Derived from: https://ajuntament.barcelona.cat/digital/en/blog/final-session-of-the-decode-pilot-project-citizen-science-data-governance-iot
On 30 September, the Catalan Institute of Advanced Architecture hosted the final session of the pilot project Citizen Science Data Governance (IoT), an initiative that forms part of the DECODE project. This pilot project consisted of installing environmental sensors in homes in the community to measure noise and pollution levels. Before the sensors were installed, participants co-designed the policies for sharing the data supplied by the sensors, debating and deciding on both the criteria and privacy. Members of the community had the sensors installed in their homes for two months, during which time the collected data was shared according to the previously established criteria. Participants were also able to examine their data and detect the first patterns, thanks to the BarcelonaNow platform that we have developed at Eurecat.
During this last session, participants shared their experiences about how the pilot project had changed their perception of the use of data and the advantages of using DECODE technology, and they were also able to analyse the environmental information collected by their devices during this period. Last, they addressed the matter of the community’s next steps, co-creating a list of future actions to continue working towards data sovereignty and data commons.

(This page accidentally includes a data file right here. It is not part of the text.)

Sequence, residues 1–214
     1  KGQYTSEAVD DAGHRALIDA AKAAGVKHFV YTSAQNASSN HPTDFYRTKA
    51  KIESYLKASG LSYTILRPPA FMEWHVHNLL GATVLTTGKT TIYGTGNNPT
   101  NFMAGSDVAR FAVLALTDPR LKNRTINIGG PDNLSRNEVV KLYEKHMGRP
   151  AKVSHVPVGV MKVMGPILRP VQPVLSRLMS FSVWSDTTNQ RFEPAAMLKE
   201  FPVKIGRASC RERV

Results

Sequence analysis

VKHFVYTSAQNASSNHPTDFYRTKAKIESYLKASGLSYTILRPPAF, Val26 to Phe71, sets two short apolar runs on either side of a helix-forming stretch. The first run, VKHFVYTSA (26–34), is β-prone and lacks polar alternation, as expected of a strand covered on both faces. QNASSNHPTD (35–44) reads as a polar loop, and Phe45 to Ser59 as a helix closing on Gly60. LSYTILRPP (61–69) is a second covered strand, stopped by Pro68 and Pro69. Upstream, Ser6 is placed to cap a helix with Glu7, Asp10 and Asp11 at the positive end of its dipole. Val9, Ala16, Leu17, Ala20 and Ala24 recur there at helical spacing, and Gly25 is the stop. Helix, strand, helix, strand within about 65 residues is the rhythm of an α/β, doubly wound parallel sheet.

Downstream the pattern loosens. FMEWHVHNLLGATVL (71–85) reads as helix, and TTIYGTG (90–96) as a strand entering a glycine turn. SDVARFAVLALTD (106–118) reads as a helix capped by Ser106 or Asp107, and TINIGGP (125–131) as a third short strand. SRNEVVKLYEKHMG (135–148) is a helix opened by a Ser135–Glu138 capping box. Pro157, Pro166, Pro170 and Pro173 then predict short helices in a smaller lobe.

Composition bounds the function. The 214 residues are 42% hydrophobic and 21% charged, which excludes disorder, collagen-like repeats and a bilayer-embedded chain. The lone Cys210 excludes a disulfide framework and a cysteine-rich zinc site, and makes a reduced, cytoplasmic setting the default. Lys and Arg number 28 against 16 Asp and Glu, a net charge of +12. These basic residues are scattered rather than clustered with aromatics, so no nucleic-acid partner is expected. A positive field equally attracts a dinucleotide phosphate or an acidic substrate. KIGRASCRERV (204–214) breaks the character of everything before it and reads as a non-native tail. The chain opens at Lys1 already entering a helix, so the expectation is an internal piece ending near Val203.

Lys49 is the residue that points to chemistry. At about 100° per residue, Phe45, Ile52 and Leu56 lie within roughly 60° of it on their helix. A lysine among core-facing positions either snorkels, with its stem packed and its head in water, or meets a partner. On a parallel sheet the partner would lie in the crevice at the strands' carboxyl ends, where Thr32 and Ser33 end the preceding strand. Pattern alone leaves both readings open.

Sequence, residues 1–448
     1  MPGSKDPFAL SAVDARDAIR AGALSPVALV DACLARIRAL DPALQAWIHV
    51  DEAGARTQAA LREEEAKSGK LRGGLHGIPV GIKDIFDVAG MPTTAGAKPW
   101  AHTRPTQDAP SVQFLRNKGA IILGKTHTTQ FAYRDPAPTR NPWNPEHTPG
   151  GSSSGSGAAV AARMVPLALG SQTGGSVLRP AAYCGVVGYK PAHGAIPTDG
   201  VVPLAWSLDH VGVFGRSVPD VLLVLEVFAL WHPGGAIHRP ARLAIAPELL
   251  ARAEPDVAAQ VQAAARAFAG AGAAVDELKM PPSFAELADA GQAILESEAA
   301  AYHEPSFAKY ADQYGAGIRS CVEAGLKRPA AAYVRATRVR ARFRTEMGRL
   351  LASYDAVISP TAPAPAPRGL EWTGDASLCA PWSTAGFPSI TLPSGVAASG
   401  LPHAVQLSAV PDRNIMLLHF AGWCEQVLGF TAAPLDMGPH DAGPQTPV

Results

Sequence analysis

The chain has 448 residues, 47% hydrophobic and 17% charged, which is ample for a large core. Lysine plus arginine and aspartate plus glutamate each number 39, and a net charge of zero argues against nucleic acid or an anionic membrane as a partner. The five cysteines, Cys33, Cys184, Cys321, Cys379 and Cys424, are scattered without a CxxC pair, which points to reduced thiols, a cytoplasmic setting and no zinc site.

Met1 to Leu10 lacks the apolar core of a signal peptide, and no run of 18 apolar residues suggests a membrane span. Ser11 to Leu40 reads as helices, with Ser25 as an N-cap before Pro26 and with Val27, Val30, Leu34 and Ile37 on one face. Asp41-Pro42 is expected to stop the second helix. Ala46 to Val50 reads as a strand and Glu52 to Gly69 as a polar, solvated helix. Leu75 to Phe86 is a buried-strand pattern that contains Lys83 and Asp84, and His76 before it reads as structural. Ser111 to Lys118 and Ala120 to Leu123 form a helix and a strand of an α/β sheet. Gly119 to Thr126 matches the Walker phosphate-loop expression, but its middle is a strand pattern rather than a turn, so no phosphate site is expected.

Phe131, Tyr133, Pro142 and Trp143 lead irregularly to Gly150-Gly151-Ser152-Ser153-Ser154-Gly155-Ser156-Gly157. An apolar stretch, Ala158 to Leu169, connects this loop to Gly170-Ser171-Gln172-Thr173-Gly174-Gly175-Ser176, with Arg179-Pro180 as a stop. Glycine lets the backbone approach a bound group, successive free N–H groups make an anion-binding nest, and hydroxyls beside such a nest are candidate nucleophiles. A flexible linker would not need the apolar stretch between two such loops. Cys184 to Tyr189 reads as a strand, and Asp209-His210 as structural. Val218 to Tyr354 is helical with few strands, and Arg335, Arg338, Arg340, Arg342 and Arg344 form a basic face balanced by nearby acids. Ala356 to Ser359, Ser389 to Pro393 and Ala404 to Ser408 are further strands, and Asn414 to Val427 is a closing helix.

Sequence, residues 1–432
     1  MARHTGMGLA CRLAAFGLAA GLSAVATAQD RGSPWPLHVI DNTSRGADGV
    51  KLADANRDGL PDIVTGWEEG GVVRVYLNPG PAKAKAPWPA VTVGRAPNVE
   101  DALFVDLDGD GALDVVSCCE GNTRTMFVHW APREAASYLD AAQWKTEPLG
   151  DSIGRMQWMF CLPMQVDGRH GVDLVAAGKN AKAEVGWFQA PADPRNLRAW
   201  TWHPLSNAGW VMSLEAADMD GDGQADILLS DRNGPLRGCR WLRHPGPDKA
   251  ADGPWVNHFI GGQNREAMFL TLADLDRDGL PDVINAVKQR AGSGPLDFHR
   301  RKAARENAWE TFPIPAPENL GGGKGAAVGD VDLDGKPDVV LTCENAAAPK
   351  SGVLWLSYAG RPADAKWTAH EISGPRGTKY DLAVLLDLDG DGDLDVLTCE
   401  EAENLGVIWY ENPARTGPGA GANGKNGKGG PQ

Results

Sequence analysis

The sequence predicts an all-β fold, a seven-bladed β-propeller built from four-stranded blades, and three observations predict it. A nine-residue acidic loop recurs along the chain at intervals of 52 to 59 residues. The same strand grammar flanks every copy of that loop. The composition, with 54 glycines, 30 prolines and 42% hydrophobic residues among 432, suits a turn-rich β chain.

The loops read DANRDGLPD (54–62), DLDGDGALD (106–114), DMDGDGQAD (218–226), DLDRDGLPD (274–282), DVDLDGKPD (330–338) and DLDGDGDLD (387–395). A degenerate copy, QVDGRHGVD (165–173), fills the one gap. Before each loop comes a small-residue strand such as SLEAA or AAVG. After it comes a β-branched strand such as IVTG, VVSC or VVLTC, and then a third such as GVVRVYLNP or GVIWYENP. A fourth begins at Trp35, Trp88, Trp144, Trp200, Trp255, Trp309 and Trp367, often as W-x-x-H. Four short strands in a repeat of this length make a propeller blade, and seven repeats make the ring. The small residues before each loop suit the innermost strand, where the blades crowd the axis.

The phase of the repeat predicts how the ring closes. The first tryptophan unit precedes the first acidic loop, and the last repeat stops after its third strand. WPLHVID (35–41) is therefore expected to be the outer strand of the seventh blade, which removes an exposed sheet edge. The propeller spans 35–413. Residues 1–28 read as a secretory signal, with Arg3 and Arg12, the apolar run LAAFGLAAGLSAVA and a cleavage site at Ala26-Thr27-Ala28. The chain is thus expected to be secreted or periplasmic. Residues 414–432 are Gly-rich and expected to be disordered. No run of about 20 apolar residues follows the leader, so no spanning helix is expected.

The main objective of the Citizen Science Data Governance pilot project was to demonstrate the technology developed by DECODE within the context of the internet of things (IoT). To do so, two lines of action were implemented, one of a technical nature and the other concerning work with the community. On the technological side, the DECODE technology was integrated with the Smart Citizen infrastructure, an international scale movement that uses open code sensors to measure noise and atmospheric pollution, among other indicators. This integration has not only enabled the community to compile, encrypt, and store the collected data, but it has also allowed them to decide which information they will share, with whom, and under what conditions. New participants were recruited along with participants from other citizen science projects in Barcelona to demonstrate this technological feat: Smartcitizen, Making Sense EU and Triem. The participants held workshops to establish their own criteria for sharing data, tested the technology and the sensors, and together discussed the concepts of data sovereignty and data commons.
|Author: Javier Rodríguez|
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